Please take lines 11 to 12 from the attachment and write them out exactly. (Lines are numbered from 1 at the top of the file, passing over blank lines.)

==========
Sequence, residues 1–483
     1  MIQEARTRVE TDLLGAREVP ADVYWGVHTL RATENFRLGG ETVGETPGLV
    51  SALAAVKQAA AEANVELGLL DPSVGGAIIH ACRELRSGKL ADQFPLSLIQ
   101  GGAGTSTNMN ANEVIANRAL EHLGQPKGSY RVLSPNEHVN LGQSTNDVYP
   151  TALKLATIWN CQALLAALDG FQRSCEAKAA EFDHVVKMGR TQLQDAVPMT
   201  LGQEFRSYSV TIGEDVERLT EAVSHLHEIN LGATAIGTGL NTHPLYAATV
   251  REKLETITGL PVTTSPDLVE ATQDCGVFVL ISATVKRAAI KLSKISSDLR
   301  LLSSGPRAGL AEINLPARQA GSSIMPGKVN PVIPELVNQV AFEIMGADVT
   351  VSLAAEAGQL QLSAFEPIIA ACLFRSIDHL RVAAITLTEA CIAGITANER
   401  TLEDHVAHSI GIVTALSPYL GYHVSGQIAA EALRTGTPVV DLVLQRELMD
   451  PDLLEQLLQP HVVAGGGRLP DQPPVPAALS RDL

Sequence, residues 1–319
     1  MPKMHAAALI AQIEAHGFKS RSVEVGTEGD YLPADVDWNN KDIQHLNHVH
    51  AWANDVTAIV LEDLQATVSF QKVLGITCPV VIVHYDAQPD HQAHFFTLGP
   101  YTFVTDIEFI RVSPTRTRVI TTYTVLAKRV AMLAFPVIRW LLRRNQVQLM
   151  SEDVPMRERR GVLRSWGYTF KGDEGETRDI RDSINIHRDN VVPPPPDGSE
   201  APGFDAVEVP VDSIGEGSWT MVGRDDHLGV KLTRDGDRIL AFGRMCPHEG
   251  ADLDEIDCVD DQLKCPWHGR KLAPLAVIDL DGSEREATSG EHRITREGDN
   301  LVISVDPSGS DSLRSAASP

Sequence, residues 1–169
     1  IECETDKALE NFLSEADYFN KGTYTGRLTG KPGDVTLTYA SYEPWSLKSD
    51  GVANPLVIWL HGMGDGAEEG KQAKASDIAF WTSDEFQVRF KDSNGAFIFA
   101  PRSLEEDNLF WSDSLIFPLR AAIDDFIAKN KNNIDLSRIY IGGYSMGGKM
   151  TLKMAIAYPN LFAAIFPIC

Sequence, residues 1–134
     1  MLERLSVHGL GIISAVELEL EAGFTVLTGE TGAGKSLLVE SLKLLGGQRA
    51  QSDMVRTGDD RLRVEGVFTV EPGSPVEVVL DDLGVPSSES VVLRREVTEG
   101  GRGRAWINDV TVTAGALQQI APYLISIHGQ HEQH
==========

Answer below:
   451  PDLLEQLLQP HVVAGGGRLP DQPPVPAALS RDL

Sequence, residues 1–319